And yes, due to the rewards, there are no shortage of people that will move to, or recruited within, any centre they move to.

Isitmebut Tue 09-Jun-15 18:38:21

DoctorTwo .. the "austerity" of getting the UK's books in order is due to pre 2008 bad economic governance, if it was just a fat government and bank crisis, why was our annual Budget Deficit 3 times the mother of fat States, France?

Would we not have had "low paid" without the crash when we were still printing annual deficit money, increasing our national debt - subbing out 3-4 million UK jobs to overseas cousins?

No bank, especially HSBC can be blamed for that, as HSBC needed no major assistance from the UK government as so globally diversified.

DoctorTwo Tue 09-Jun-15 19:41:07

well if we lost 1 million manufacturing jobs from 1997 to 1995

Well Isitmebut, it appears everyone's favourite neotard fucks up all the time. I presume you mean 1979 not 1997, and yes, those jobs were lost due to your favoured and now discounted policies of the lowest common denominator. Cheapest is best has given us the worst outsourcing megacorporations needing massive handouts whilst us plebs undergo austerity. There's going to be a few revolutions, many of which will hopefully see the removal of the power of the city of London and the banks. They are not wealth creators unless they're talking about their own wealth.

KingTut Tue 09-Jun-15 22:53:55

It's a good thing Labour lost the election, they would have been blamed for this. Let's see how our Tory government copes.

Isitmebut Wed 10-Jun-15 11:55:40

DoctorTwo …… Re your ”Well Isitmebut, it appears everyone's favourite neotard fucks up all the time. I presume you mean 1979 not 1997,” ……. Yes your favourite “neotard” (lol) did “fuck up” – but the dates should have been 1997 to 2005 during a global consumption boom;
not following the damage done to factories through the 1970’s when manufacturing fell from around 29% of our economy to around 23% by 1979.

Next re the rest of your ignorant socialist slogans on the city and capital markets;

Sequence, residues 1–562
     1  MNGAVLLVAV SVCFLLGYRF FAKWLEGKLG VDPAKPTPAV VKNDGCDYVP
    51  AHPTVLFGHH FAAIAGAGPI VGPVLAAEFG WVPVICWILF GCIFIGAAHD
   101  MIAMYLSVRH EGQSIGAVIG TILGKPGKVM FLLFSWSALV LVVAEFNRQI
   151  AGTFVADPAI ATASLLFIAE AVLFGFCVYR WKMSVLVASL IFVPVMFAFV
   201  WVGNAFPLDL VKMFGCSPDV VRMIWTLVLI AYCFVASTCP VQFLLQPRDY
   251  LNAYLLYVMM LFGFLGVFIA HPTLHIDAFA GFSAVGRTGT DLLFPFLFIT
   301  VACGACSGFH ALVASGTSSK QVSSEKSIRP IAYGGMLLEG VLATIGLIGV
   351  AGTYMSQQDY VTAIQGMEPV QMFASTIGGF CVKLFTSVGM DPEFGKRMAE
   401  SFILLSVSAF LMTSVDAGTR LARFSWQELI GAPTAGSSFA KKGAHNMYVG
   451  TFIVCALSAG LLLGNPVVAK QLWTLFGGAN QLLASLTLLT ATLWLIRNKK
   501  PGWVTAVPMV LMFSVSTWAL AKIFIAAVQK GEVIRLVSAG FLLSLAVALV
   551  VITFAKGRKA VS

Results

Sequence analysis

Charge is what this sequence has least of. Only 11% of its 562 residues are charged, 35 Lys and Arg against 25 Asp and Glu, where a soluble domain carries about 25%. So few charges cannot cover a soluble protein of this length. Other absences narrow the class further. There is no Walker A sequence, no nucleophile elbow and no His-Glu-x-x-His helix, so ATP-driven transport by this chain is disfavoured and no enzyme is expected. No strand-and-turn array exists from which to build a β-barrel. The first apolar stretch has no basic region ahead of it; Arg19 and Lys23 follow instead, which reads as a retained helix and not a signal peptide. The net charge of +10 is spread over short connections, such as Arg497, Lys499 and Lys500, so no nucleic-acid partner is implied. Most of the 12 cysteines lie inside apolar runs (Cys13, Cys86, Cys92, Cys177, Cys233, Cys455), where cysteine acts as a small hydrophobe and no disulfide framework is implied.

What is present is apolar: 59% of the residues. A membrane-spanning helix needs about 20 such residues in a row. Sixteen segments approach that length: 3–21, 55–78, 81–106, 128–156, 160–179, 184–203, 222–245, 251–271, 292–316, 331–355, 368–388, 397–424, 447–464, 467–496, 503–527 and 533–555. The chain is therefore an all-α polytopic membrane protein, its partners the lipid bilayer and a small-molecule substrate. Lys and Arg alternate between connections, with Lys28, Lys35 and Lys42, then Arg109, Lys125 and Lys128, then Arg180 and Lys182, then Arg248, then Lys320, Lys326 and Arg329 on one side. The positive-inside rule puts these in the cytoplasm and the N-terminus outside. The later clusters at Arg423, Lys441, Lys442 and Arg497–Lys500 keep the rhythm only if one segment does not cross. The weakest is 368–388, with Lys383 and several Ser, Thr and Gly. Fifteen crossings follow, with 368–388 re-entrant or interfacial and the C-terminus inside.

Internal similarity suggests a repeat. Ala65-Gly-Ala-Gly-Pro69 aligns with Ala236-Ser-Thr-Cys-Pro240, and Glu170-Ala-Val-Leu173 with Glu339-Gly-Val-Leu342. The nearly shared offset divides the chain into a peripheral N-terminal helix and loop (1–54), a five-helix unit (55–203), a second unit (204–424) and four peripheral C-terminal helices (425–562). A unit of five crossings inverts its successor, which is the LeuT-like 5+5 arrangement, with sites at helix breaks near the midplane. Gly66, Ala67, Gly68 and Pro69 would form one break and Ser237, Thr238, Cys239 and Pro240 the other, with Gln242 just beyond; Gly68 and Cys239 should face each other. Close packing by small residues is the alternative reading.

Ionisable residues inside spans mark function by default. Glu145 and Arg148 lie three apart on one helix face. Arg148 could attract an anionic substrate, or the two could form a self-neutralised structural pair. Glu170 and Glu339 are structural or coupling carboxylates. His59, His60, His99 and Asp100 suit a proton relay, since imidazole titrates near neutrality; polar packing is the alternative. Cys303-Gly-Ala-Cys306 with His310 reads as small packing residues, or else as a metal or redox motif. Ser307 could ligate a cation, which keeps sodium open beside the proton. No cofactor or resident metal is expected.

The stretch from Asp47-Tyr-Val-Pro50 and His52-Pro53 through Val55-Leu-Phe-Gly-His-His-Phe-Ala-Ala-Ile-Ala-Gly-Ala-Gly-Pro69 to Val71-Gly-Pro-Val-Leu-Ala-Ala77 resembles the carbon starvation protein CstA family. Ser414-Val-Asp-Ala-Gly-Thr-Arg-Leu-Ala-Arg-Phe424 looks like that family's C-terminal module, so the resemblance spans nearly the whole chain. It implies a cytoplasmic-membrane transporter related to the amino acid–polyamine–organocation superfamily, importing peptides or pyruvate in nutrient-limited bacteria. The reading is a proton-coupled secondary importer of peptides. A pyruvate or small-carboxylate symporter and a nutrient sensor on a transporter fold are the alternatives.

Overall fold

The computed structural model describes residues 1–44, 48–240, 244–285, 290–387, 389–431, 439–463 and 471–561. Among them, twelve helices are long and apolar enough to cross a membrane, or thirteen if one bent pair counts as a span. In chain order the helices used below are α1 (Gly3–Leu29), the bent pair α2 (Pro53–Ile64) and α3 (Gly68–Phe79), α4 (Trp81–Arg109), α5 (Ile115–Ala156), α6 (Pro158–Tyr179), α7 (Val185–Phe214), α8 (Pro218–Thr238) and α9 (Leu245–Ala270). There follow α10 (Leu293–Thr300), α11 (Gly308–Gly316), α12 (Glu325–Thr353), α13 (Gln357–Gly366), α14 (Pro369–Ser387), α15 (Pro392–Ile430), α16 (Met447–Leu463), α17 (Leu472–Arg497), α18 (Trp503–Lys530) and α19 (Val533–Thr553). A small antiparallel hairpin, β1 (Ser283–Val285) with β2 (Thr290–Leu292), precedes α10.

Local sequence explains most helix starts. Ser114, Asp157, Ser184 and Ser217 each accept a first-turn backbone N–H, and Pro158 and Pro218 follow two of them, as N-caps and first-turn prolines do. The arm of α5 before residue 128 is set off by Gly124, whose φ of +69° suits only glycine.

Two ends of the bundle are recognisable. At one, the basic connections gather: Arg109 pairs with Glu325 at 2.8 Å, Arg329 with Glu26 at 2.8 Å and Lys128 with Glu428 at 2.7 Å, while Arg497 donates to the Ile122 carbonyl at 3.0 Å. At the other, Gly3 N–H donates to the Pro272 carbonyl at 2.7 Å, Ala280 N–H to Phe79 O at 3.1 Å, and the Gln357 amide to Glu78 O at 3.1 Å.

- How do you think the UK manages to run/fund £1.5 trillion of national debt and a £80 odd billion annual overspend, through high street Post Offices and Co-ops??????

- How do you think the “wealth creators” of business start ups or major companies needing capital to invest in plant, machinery, jobs, GETS that money, from the high street also????

- How do you think the G7 down to emerging countries trying to lift themselves from poverty actually fund themselves, again from the UK or their own local high streets????

The fact is the capital markets do all that every day, as $$trillions of bonds from investment grade to junk are priced, underwritten and launched/sold to global investors every year and then traded on relatively tight bid/offer prices on demand by those investors. Most Investment banks also do similar activities through the equity, foreign exchange and commodity markets each year.

So similar to footballers really, there is no dispute that those managing the risks enrich themselves doing their day jobs, our favourite cavetards waving their clubs and talking of “revolution” within the City, with c-o-m-p-l-e-t-e ignorance of even the basic functionality of the capital markets, just make themselves look like total numb-nuts.

The capital markets service the global economy, and I reiterate as a 24-hour market place, it will probably continue to have 3-main centres located across the time zones; whether the UK remains the European centre, under pressure from a main Euro currency and its Central Bank being elsewhere, depends on the cavetards but THAT is not the main HSBC issue here.